Made in Yorkshire: How Barnsley schooling helped make England’s John Stones and Harry Maguire Euro 2020 stars

Taking pride in the team rewriting English footballing history is particularly easy for fans of Barnsley, Sheffield United or Leeds United.

Taking pride in the team rewriting English footballing history is particularly easy for fans of Barnsley, Sheffield United or Leeds United.

“Three of that back four are South Yorkshire lads and it’s absolutely class,” exclaims Mark Burton, who has more reason than most to feel good about that.

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Four of Saturday’s starters against Ukraine – Kyle Walker, John Stones Harry Maguire and Kalvin Phillips – are Yorkshiremen who came through their local academies, as is substitute Dominic Calvert-Lewin. Goalkeeper Aaron Ramsdale is also a Sheffield United product.

CENTRE STAGE: England's John Stones battles with Scotland's Che Adams during the Euro 2020 Group D match at Wembley. Picture: Nick Potts/PA

This England team has players with far more technical ability than so many predecessors. Walker, Stones, Maguire and Phillips might be defensively-focussed but are more accomplished on the ball, more adventurous with it, than so many before them whose job was scoring and making goals.

Giving players those habits and the courage to stick to them was not always easy.

“It was against the norm and a bit uncomfortable for fans,” says Burton of how Barnsley’s youth team played when Stones and Maguire appeared for them. “When we gave the ball away you’d hear rumblings.”

Burton is Barnsley through and through, a YTS midfielder-turned-first-team captain, head of academy coaching and joint caretaker manager. Despite a 20-year association, he was not set on the Oakwell way.

MAKING THE GRADE: England's Harry Maguire, left, congratulates John Stones after beating Ukraine in Rome. Picture: Lars Baron/AP

“Barnsley were always big strong players who got it back to front very quickly,” recalls Burton, who later worked for Rotherham United and is now at Notts County. “Our philosophy was totally based on possession, express yourself but also have that work ethic. We played a style quite alien to Barnsley because I loved Barcelona. The players must have got fed up of me asking if they watched Barcelona the other day. We didn’t cross the ball or kick it long.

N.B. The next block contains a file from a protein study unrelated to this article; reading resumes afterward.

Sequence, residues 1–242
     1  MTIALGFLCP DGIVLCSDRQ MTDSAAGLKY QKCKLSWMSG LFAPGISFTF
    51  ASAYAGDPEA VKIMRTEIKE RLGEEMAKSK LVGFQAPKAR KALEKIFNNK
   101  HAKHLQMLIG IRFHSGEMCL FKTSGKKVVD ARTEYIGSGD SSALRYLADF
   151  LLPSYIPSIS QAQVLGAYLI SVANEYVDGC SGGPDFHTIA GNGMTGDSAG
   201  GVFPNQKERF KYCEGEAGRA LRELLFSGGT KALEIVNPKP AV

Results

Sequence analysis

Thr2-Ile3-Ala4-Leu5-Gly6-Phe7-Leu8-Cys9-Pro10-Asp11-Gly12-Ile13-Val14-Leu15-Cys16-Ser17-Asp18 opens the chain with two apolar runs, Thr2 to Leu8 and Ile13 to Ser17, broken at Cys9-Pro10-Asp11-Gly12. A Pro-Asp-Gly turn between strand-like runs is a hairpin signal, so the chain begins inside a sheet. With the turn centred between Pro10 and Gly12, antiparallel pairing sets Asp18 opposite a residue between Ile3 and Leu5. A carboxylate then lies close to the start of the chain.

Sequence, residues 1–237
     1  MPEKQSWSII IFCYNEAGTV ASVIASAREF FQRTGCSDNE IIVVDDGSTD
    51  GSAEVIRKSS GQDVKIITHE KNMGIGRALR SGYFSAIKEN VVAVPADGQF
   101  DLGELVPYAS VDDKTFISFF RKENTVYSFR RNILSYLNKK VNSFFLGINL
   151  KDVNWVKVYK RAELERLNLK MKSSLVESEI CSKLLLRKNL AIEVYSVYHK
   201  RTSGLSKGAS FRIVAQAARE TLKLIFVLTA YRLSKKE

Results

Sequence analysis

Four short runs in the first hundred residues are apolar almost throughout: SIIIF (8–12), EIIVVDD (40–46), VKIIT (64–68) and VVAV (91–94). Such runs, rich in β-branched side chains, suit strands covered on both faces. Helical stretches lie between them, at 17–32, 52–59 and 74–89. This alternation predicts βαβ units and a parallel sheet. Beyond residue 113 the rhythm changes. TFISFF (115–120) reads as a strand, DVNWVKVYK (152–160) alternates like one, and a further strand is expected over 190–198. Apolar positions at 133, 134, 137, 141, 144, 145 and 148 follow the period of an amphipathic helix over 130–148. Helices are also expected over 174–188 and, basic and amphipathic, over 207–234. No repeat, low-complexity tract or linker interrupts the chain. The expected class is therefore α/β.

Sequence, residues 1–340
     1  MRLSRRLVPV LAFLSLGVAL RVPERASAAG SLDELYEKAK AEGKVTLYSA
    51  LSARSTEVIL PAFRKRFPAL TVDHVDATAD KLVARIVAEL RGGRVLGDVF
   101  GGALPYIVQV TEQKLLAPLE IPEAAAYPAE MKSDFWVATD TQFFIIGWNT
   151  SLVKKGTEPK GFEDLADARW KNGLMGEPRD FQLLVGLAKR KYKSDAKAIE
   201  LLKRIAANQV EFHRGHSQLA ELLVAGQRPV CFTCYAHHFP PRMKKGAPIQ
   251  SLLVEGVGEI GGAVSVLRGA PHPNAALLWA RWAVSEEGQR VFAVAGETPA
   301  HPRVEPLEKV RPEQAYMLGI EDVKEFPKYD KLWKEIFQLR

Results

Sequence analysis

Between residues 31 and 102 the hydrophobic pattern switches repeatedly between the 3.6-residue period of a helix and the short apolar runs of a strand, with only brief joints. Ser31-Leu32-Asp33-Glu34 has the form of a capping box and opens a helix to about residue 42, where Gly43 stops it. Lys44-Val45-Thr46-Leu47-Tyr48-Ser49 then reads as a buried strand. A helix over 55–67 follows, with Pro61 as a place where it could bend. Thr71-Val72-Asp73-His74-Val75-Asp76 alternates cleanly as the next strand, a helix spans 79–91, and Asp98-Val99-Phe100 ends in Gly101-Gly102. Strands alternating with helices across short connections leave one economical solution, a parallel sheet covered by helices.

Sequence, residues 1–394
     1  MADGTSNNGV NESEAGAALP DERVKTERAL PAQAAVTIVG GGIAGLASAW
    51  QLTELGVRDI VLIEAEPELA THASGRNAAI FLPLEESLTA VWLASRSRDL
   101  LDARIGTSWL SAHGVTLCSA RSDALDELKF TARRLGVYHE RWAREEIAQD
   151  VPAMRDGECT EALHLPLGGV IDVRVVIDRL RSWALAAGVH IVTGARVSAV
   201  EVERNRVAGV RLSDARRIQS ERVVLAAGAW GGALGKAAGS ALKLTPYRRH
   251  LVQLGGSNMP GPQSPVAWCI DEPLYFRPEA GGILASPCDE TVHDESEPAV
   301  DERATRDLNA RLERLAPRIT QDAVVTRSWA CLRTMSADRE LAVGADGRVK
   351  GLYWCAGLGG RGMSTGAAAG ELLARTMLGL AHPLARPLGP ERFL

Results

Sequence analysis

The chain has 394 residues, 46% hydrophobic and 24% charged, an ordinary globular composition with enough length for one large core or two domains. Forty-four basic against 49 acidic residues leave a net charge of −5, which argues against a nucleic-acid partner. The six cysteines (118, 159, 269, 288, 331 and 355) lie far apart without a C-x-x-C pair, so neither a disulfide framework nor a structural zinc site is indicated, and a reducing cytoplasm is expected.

“Stonesey made some cock-ups and gave goals away but me and (fellow coach) Ronnie Branson told them as they got higher they’d know when it was right to do it.”

Stones and Barnsley came together when he was eight for 10 years before he joined Everton, then Manchester City. Maguire was only there from 14 to 16 before joining Sheffield United’s finishing school when Barnsley went into administration in 2009.

“At so-called little clubs they’re a big fish in a little pond so the programme’s usually geared around them,” says Burton. “And they’re playing and getting pushed.”

Mark Burton has previously taken caretaker control of Barnsley.

Often top footballers play against older boys throughout their youth but the diminutive Stones was held down a year in his mid-teens.

“It would be a little bit easier for him,” argues Burton. “He could step in (to midfield), take even more risks and get away with it. If you play a 16-year-old striker at under-18s he’ll work on his hold-up play and out-of-possession stuff but he can’t forget about scoring goals. It’s no point challenging him and he only gets one chance per game. John could do a little Cruyff (turn) and he wouldn’t get outmuscled so he was practising that skill.”

There was a tough side too.

“He could defend,” stresses Burton. “We didn’t give him a desire, an attitude and a work ethic. When you tell lads to play in youth football sometimes they think, ‘They don’t want me to tackle or work hard.’ I want both. Stonesey wanted to win more than anybody.”

As with Barnsley, Stones has an international manager prepared to stand by someone trying to do things the right way.

“I don’t know Gareth Southgate from Adam but you can see the belief the players have got in him,” says Burton. “It’s good he’s worked with the under-21s. If clubs bring three or four youth-team players through, why not bring the youth-team coach?”

Nowadays Burton is happy to largely leave Stones be.

“I speak to him now and again but he’s got Pep Guardiola, the best manager in the world, what does he need me for?” he says. “But if he comes to me he’ll get straight-talking. Two or three years ago he came to me after a Liverpool game and I told him he got square on and didn’t defend properly for one of the goals.

“Stonesy and Harry know they can cope with that standard of player and tomorrow won’t faze them one bit.”

They will because of hours on training grounds with coaches like Burton and so many others across Yorkshire and beyond. Stones and Maguire might have moved to glamorous Manchester clubs but every game they play is a reminder of why the English pyramid is so important.